Kevin And Don Respond To Being Self Loathing

Looking back at their journey from the Stonewall Democratic Club to Log Cabin Republicans, they claim it was one that was actually started by the democrats. After being told that marriage as not a priority on the agenda in 1995, they became disillusioned with the DEMS. For a decade they felt like they did not belong until they met the republicans of the Log Cabin Republican Club and discovered they too shared a dream of marriage equality. This blog is now a digital time capsule of their time as Republicans and moderated by a friend and supporter.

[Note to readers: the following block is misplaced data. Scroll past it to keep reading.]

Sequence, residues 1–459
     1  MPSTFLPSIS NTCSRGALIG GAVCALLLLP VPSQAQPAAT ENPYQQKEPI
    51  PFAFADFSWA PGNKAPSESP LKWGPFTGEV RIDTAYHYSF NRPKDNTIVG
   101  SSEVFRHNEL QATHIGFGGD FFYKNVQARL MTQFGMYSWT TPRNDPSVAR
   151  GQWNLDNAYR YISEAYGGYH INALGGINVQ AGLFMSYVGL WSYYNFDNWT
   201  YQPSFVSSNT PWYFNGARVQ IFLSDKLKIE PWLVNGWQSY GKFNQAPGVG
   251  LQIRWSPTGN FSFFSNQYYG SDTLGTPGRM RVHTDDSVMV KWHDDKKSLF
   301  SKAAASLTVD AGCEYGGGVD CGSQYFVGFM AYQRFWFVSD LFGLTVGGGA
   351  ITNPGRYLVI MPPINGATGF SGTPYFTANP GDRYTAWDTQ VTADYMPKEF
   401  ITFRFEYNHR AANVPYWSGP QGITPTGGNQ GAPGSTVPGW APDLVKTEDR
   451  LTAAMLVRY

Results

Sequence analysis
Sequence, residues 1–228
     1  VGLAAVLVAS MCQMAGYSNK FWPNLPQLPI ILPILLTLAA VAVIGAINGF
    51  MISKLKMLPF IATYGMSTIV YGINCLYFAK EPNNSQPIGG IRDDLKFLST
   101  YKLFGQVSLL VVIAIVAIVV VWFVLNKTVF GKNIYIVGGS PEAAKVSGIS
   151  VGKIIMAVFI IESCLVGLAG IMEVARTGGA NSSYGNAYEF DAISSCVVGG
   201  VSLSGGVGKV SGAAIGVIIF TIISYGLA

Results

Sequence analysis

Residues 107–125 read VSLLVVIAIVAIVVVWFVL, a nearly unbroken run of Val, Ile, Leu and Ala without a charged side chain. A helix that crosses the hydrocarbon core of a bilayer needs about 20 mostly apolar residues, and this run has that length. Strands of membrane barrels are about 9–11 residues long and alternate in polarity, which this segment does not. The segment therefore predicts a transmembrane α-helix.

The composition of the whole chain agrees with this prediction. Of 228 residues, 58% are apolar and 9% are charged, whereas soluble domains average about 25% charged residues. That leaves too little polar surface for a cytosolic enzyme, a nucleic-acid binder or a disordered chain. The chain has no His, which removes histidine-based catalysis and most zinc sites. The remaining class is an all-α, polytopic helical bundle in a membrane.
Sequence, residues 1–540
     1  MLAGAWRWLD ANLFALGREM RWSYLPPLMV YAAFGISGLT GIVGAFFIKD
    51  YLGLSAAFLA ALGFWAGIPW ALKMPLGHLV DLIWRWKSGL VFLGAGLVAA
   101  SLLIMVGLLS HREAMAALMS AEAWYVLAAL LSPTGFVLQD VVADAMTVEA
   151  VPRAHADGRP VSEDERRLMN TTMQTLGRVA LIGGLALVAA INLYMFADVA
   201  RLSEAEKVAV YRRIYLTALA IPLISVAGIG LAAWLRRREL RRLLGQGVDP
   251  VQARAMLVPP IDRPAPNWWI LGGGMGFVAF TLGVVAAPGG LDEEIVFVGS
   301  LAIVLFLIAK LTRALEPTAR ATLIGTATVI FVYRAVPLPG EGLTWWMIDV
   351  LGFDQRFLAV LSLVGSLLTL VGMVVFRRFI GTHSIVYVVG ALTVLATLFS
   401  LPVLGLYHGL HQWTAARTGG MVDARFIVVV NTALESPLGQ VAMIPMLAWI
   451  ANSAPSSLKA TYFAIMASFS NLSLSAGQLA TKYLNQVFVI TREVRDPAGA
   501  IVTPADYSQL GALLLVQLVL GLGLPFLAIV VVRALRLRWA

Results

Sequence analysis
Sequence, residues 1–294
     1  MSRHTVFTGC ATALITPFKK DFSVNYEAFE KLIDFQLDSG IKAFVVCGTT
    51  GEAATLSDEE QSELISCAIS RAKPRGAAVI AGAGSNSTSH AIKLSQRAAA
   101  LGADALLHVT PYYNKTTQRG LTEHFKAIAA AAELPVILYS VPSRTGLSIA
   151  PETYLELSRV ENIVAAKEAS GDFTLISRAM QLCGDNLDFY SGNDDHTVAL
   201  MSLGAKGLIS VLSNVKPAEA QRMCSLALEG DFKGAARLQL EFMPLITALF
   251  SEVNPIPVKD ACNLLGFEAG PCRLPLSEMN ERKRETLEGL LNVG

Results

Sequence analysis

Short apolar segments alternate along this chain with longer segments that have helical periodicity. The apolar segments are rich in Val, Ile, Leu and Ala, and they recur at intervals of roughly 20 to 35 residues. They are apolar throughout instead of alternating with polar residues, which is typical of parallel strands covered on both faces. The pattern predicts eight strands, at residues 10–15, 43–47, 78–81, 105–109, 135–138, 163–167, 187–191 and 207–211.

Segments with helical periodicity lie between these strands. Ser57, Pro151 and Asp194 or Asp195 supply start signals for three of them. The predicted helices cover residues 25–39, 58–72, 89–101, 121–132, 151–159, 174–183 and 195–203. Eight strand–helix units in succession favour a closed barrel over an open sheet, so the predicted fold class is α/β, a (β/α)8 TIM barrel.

Sunday, October 15, 2006



New Law on Filing Deadlines Results in Ambiguities
Focus Column
By Kevin Norte

AB3078, approved by Gov. Arnold Schwarzenegger on July 15, 2004, amends, in part, Section 1005 of the Code of Civil Procedure effective for motions made on or after Jan. 1. Attorneys need to be aware of this change in the law - and some resulting ambiguities.

Existing law provides for the deadlines, by reference to calendar days, for service of specified moving, supporting and opposing papers regarding motions and other hearings, as well as the deadline for the completion of discovery proceedings before trial and the deadline for demands involving the exchange of information concerning expert witnesses before trial.

The newly enacted statute revises those deadlines by referring to court days while leaving intact the references to calendar days for mailings, rather than just referring to calendar days or court days. AB3078 also makes other related changes.